Busy day, what with getting up at 6:45 am to catch the morning boat off the island, then making my way into town, unloading a summer’s accumulation of stuff at the apartment, hopping the subway over to the city for a couple appointments and a welcome back to New York cappuccino at the ever excellent Rocco’s. Then back to Brooklyn to do what little I could do to help Joshua getting this little web machine off the ground. Joshua, in case your spyware hasn’t kept you up to date, is the guy who’s responsible for nearly everything you see here apart from the actual writing. It was pretty exciting to be making what I hope will be seen as a great leap forward, and especially rewarding to hear some of the old Lookouts and Potatomen songs and know that they’re now available for others who might like to hear them (I’ll be adding some more as the days go by).
So by the time I got to Lulu’s (more commonly known as the Lost and Found, and also, recently, the Alligator Something-or-other; the name changes have been so numerous and so without rhyme or reason that a bridge-and-tunnel couple wandered away bewildered after the doorman told them he’d never heard of a place called Lost and Found), I had missed half the bands, and missed one more while I talked to Unlovable Frank, Boobie Dewton, and several other luminaries of the New York Clique out on the sidewalk. This was of course the first night of Carlapalooza, the annual series of shows orchestrated and arranged by the indefatigable Chadd Derkins to honor the lovely Carla Monoxide’s birthday and to raise money to fight multiple sclerosis, which she is battling.
When I used to live in the Bay Area, opening night for the San Francisco Opera was considered (in some circles, circles to which I was not generally admitted, but never mind) the formal start of autumn social season, and you could probably say the same for Carlapalooza, again in certain circles, probably the only circles to which I will ever be admitted, but a guy do worse, much, much worse, than to be welcomed into the rarefied realms of the New York Pop Punk Elite.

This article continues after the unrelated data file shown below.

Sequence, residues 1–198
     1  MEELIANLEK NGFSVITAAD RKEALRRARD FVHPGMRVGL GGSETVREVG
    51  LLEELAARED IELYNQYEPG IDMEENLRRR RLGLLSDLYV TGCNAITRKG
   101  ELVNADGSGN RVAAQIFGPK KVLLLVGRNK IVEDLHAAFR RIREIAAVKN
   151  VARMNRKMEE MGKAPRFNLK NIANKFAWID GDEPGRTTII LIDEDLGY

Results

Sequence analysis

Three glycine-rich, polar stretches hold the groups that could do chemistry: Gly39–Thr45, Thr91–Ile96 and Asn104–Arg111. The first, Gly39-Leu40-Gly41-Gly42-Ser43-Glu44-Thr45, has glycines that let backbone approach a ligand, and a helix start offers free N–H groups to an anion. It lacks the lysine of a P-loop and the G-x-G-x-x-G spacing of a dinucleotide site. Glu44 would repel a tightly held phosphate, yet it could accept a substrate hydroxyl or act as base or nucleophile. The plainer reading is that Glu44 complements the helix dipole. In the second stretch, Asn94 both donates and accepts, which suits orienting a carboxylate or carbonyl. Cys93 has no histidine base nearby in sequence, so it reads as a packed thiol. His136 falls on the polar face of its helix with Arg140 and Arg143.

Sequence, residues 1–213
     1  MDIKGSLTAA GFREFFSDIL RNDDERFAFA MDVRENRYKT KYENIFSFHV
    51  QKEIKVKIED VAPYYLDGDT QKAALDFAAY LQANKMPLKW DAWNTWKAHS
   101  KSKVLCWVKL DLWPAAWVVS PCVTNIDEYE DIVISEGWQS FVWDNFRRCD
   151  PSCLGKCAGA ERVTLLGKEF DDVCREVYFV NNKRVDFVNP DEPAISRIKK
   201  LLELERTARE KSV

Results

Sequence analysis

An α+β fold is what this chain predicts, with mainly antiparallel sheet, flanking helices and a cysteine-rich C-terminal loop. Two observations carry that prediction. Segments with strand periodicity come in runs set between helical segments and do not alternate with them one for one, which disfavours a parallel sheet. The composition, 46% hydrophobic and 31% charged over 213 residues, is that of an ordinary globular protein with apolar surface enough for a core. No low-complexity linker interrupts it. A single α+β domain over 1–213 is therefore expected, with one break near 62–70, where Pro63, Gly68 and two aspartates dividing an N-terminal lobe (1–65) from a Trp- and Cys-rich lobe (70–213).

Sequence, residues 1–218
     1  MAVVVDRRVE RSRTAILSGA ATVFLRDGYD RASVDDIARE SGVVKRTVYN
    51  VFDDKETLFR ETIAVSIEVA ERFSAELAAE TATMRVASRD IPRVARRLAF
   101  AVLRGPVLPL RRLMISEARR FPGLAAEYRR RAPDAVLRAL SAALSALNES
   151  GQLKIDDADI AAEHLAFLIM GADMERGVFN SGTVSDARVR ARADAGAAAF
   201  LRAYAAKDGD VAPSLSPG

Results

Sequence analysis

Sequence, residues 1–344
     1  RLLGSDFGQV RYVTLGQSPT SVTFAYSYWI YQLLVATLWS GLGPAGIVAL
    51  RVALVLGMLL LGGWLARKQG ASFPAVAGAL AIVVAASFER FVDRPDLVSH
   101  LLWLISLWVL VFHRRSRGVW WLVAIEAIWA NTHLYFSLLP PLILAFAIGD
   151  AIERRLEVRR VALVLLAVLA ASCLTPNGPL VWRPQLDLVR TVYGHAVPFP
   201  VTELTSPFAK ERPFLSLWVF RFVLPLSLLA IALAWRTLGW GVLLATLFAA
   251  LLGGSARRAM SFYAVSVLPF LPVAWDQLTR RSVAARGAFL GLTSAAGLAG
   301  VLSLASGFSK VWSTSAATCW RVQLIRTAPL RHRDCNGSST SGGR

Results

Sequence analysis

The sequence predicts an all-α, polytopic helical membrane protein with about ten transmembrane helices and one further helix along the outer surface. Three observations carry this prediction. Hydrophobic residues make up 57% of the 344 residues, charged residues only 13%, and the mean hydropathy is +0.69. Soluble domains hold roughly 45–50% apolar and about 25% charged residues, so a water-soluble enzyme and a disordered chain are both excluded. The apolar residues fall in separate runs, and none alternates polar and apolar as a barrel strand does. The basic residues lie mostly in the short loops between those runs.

I got to see the Marshmallows, the band from downstairs (literally; they practice underneath my living room, and their guitarist sleeps (very occasionally, it must be said) just below my office, as well as New Jersey’s Full of Fancy, all of which was good, but as usual with these events, some of the most uproarious and hilarious action unfolded out in the street, and also as usual, the ever witty and urbane Chris Grivet was right at the heart of it. Tonight he regaled us with his theories on a) why the grassy, fenced-in area behind his house is not a “yard,” merely a “space,” and why he could never live in Brooklyn.
His “not a yard” case was simply put: it’s not big enough to be a yard. How big does a yard have to be? Well, this seemed to one of those existential “I know it when I see it” situations. When it was pointed out by more reasonable friends and roommates that the space in question was big enough to park a car on and still have sections of lawn visible around it, Mr. Grivet retorted, “Yeah, but can you drive the car around in it? I think not. Therefore, not a yard.” Chelsea then pointed out that the landlord not only keeps a lawnmower in the yard/not yard, but also regularly uses it to keep the grass in check. There was a sudden nodding of heads and a general agreement (general except for Mr. Grivet, who on principle never agrees with anyone) that if it has a lawnmower, it has to be a yard.